It seems like most fascinating artists are coming out of there, be it visual artists like the late Beksinski or Zbyszek Bielak, or bands like Batushka. There was so much buzz around these guys that I knew that I had to make it to the tent to see them perform.
Full disclosure: This is not Krzysztof Drabikowski‘s Batushka but, instead, the version of Batushka that was started by Bartomiej Krysiuk. As far as I know, the IP dispute about the band’s name and music continues to make its way through the Polish courts, although that doesn’t seem to get in the way of Krysiuk‘s Batushka releasing a new album through Metal Blade… meanwhile, Krzysztof‘s Batushka has independently released an album on BandCamp.
It’s a clusterfuck.
Legal issues notwithstanding, the imagery of Batushka is really mindblowing. As the band slowly sets up the stage to mimic an Eastern orthodox church, more and more details start to become evident. With defaced icons, symbols of death and suffering scattered everywhere, the stage seems ready to hold the ultimate black mass. Of course, they’re not just visually interesting, as they deliver their music (taken from their new album, Hospodi) with full force.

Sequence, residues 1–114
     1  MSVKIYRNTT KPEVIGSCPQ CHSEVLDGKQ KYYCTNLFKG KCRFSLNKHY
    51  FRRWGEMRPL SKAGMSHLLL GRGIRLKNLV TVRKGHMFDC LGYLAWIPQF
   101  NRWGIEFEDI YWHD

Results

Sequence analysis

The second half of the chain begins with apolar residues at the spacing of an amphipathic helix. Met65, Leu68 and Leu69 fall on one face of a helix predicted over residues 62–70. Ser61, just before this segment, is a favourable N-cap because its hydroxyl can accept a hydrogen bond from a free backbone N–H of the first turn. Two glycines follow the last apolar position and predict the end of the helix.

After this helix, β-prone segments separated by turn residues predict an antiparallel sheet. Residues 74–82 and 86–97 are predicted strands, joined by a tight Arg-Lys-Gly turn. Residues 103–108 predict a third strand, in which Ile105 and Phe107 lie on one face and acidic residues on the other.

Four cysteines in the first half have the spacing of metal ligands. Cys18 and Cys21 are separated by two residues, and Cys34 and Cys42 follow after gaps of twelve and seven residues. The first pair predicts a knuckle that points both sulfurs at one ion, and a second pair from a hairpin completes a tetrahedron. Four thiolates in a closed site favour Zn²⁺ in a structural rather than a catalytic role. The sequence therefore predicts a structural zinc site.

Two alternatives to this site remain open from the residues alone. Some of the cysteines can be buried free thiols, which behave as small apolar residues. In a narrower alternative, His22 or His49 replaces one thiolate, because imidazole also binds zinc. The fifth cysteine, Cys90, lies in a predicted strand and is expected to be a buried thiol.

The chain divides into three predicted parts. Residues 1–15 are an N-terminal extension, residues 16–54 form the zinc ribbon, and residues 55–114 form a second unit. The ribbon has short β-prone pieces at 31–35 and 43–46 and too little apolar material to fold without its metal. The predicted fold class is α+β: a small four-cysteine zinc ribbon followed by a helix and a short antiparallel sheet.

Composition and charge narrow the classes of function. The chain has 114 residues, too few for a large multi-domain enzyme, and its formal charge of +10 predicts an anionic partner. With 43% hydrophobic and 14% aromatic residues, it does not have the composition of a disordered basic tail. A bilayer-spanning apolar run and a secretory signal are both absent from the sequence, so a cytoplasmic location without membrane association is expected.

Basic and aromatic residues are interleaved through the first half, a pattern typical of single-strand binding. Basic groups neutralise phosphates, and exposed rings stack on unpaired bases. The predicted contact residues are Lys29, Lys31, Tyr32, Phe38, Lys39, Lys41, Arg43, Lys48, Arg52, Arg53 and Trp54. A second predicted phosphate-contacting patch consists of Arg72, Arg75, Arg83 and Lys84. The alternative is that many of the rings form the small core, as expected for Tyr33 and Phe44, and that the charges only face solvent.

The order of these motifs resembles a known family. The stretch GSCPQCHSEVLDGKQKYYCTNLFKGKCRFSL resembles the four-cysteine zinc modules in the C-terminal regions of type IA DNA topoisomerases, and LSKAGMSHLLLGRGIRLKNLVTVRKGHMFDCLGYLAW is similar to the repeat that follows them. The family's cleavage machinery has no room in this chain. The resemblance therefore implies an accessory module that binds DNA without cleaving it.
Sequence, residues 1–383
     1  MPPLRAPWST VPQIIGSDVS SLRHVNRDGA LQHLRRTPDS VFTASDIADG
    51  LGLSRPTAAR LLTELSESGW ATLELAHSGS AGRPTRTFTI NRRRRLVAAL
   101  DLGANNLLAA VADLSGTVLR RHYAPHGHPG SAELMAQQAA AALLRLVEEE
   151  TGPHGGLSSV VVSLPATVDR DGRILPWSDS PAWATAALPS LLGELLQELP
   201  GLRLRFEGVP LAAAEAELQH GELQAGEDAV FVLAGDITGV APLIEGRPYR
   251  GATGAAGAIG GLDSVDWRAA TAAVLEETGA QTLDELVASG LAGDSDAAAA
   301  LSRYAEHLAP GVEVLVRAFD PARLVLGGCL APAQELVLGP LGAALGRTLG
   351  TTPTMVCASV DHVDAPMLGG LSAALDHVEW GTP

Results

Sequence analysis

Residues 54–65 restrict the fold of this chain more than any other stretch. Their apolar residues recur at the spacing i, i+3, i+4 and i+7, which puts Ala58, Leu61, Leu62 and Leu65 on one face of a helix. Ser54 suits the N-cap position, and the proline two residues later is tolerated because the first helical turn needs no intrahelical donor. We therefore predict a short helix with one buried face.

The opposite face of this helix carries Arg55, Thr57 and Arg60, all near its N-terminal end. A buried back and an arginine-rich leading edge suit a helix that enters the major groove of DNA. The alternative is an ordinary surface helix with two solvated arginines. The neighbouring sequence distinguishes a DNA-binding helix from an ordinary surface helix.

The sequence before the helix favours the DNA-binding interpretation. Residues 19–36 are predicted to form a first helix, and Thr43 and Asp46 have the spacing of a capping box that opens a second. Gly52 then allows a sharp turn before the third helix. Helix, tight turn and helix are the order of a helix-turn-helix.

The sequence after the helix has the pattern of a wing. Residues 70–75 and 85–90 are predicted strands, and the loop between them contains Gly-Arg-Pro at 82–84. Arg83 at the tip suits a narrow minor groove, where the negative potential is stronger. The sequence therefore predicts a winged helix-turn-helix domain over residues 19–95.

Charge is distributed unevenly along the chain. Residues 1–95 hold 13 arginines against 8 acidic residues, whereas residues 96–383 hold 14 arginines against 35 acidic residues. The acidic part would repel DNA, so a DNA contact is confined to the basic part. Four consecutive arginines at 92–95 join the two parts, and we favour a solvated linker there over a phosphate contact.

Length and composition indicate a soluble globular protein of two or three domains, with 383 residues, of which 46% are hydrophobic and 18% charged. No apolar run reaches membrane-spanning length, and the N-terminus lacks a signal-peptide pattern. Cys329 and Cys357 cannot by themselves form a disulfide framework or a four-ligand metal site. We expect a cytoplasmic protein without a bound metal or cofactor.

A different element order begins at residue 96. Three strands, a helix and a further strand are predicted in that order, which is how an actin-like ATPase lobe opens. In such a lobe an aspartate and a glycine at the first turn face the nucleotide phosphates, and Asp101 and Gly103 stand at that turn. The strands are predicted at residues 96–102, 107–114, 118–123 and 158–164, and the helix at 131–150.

A fantastic and unexpected addition to Fortarock that, without a doubt, was well worth the heat of that tent (which I really don’t know how they managed inside of their costumes).
Back on the main stage, the other big American prog band was taking the stage. Symphony X were ready to prove that technical prowess can survive even under a burning sun and intolerable heat. Michael Romeo once again demonstrated his explosive abilities on the guitar, while Russell Allen delivered his vocals flawlessly (despite chugging down at least one bottle of whiskey through his performance).